H.B. 315 (and its substitute) was introduced by state Reps. David Leland, a Democrat from Columbus, and Brett Hillyer, a Republican from Uhrichsville.
“Those actually put timelines and procedures in place of how quickly a person accused of a crime needs to be before a judge, timelines if they’re going to have a detention hearing,” she said. “The burden of proof is lowered for prosecutors at detention hearings, so all these things are really important to pass so that our criminal courts know how to act going forward.”
How federal law could play in
Although the amount of bail given by an Ohio judge could be legal under the Ohio Constitution, the U.S. Constitution may find it unconstitutional.
“We still have to follow the U.S. Constitution, which still makes excessive bail unconstitutional,” Clum said. “So $1,000,000 on a misdemeanor of the first degree has a chance of not being found constitutional under the U.S. Constitution.”
Defendants have the ability to file habeas corpus petitions, which is when state prisoners can file for a federal court to review their case, which Clum says may increase due to Issue 1 being passed.
This could lead to more litigation, more work for the prosecutors and public defenders, and it could delay justice, she said.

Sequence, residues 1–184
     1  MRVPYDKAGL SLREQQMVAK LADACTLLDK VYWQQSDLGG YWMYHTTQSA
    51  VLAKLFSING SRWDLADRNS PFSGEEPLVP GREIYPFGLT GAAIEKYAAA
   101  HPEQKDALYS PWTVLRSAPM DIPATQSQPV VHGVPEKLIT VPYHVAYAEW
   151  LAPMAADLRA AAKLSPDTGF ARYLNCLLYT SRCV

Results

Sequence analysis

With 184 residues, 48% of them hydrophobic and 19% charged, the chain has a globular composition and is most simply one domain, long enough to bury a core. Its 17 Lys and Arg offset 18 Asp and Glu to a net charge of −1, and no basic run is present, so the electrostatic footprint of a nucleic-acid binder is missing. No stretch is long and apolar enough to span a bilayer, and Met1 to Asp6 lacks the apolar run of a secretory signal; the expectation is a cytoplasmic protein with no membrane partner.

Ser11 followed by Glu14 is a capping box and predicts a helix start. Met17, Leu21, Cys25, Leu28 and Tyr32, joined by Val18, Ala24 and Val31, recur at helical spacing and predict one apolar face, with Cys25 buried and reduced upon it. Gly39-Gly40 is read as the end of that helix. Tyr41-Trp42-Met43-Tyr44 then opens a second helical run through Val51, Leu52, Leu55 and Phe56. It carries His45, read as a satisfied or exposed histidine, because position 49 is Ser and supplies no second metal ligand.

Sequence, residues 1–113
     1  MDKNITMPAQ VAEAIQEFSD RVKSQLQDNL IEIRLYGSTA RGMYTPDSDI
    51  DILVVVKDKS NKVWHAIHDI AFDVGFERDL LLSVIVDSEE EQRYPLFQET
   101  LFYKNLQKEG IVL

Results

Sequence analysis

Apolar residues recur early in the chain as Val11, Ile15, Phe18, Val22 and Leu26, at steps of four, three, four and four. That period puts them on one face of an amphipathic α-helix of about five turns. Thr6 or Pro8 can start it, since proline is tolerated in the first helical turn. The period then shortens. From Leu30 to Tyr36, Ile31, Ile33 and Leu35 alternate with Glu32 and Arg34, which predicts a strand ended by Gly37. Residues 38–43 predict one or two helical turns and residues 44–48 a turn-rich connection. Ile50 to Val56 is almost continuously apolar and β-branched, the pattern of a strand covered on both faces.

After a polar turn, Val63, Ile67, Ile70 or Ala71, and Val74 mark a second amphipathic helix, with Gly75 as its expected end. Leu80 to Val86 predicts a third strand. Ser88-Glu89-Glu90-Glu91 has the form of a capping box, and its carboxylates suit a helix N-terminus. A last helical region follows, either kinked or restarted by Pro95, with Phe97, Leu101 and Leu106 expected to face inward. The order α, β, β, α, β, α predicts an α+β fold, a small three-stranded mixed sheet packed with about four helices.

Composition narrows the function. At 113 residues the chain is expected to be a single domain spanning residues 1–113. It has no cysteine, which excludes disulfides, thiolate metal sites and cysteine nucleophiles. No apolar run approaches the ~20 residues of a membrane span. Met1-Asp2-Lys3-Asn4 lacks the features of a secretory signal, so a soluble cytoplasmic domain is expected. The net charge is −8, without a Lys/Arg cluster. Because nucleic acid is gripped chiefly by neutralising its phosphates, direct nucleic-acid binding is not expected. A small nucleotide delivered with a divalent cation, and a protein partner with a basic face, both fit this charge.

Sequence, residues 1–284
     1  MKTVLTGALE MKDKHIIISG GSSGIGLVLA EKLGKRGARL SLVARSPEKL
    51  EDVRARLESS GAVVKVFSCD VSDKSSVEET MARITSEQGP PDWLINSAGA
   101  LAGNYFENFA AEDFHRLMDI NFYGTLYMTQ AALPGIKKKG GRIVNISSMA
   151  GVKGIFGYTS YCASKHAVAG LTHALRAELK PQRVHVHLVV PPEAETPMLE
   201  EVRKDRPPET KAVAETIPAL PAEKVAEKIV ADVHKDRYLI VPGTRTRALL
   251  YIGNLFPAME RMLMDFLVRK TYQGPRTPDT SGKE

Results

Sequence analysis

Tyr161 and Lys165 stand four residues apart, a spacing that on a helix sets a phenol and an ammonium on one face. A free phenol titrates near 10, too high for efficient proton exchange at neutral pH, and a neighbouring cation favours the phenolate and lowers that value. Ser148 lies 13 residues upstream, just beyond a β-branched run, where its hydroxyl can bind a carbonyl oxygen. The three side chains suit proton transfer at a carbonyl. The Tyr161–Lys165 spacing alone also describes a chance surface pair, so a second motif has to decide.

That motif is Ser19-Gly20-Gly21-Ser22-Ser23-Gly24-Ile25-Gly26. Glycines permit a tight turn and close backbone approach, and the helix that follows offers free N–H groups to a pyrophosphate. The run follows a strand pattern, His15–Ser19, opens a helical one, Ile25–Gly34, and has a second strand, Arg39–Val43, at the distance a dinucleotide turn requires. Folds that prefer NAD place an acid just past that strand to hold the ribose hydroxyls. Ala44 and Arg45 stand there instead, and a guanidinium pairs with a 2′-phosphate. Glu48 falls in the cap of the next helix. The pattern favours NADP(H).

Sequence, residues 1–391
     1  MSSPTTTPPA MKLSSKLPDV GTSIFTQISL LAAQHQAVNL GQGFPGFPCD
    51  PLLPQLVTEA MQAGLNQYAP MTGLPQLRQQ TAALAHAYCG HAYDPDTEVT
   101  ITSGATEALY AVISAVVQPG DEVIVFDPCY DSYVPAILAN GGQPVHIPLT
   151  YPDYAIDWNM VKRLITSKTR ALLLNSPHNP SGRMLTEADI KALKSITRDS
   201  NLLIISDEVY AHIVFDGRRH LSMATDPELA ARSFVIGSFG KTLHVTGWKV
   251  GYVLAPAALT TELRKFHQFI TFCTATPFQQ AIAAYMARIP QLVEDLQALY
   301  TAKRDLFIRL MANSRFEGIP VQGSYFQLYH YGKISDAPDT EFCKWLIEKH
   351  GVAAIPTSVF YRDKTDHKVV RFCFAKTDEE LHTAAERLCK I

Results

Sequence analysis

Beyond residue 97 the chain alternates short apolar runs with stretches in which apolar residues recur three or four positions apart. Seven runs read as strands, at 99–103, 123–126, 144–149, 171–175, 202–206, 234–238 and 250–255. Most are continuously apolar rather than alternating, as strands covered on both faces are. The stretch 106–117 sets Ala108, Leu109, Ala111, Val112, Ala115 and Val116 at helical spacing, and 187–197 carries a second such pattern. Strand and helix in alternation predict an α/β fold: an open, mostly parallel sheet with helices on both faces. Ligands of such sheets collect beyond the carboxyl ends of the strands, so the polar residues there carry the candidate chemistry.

“That is definitely a concern with Issue 1, is that we’re just going to see more and more defendants challenging these high cash bail amounts and then just clogging up the court system,” she said.
Supporters of the amendment have consistently stated that no one is looking to put forward excessive bail, they just want to give judges more autonomy over their courts. So excessive bail will be an issue dealt with as it comes, Weinman told News 5 in a previous interview.
“I’m confident that because of what the voters have done today, we’re going to have an Ohio Supreme Court that does exactly what it’s supposed to, that is: protects the rule of law, applies the laws as written, doesn’t legislate from the bench and by applying the law as written, make sure that everyone gets treated the same and fairly under the law,” DeWine said.
To learn more about a bipartisan bill that tackles wealth-based detention and would allow a court to make pretrial decisions due to dangerousness, not wealth — strengthening the current law — click here.
Follow WEWS statehouse reporter Morgan Trau on Twitter and Facebook.